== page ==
Preparing for Wildfires Webinar

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Greetings,

Are you prepared for a wildfire? To kick off the summer, FEMA’s Individual and Community Preparedness Division invites you to a webinar on Thursday, June 23, which will feature an array of dynamic nationwide programs and resources to prepare individuals and communities for wildfires.

Title: Ember Alert: Preparing for Wildfires

Date: Thursday, June 23, 2016

Time: 2:00 – 3:00 p.m. EDT

Featured Speakers:                                 

·         Phyllis Krietz, United States Fire Administration, FEMA

·         Barbara Geringer, United States Forest Service

·         Mark Jackson, Branch of Wildland Fire Management, Bureau of Indian Affairs

·         Cathy Prudhomme, National Fire Protection Association

·         Christi Collins, Individual and Community Preparedness Division, FEMA

How to Join the Webinar:

·         Please register for the event using the Adobe Connect registration web link.

·         Be sure to test your Adobe Connect connection prior to the meeting.

·         This webinar will offer closed captioning.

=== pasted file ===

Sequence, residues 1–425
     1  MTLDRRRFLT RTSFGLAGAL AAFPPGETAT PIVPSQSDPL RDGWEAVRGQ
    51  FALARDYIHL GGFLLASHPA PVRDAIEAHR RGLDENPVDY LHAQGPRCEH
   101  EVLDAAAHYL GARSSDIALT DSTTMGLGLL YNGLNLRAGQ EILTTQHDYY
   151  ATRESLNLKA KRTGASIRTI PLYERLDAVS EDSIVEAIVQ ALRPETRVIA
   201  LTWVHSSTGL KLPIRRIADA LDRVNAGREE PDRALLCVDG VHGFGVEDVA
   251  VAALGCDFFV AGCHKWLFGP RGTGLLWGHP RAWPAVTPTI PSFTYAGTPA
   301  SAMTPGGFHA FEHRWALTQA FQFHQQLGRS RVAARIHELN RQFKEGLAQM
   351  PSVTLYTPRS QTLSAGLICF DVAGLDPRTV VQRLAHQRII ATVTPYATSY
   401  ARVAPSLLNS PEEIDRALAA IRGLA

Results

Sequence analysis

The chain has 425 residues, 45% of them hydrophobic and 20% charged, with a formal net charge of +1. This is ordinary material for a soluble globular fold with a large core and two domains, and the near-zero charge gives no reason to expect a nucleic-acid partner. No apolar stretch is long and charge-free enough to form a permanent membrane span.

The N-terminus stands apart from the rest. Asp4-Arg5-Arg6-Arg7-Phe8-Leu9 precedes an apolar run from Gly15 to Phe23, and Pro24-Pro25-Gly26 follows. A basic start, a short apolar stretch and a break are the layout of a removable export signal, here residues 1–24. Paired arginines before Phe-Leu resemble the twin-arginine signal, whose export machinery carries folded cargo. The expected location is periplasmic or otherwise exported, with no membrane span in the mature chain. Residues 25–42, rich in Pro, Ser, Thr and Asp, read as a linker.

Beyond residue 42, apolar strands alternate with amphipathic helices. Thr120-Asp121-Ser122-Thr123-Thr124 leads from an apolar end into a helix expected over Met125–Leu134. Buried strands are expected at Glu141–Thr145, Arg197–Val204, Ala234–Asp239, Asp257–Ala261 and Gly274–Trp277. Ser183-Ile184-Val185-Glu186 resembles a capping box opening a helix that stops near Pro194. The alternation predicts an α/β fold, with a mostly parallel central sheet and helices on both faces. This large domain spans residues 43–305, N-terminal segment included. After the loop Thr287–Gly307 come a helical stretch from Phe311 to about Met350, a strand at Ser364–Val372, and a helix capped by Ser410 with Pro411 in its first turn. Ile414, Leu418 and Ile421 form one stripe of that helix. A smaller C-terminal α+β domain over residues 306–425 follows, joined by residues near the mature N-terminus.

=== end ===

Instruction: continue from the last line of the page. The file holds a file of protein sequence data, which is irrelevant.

We hope that you will be able to join us on June 23!

 

 

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Video–Safety in the Post-Disaster Environment

Here is a good training video for CERT volunteers to review the challenges and dangers of working to assist their neighbors and communities after a disaster has occurred. It covers the importance of protective gear, size-up (think before you leap), and the buddy system. Common post-disaster dangers are reviewed including flooding and contaminated water, downed power lines, falling debris, cuts from broken glass, nails through shoes, back injuries, eye and head injuries, and even getting lost in your own community following a devastating event.

Wildfires

Wildfire is one of the most serious threats facing residents of Caldwell County.  Cities have grown into suburbs and suburbs into what was once considered rural America. Citizens are acquiring secluded homes surrounded by forests, mountain cabins, or sprawling farms. This movement is creating an extremely complex landscape that has come to be known as the wildland/urban interface. The impact of severe wildfire on your community, your state and your federal government is staggering. According to the National Wildland Coordinating Group, since 1970 we’ve spent more than $20 billion dollars fighting fire at the fringes of our burgeoning population centers, in the areas described above as the wildland/urban interface.. Encroaching development into forests, grasslands and farms is resulting in numerous infrastructure problems, including catastrophic wildfires which increasingly threatens lives, homes and businesses.

Here is a Wildfire booklet  provided by Caldwell County Emergency Management with information about protecting your home and community from the devastation of a wildfire. It includes checklists and information about becoming a FIREWISE community.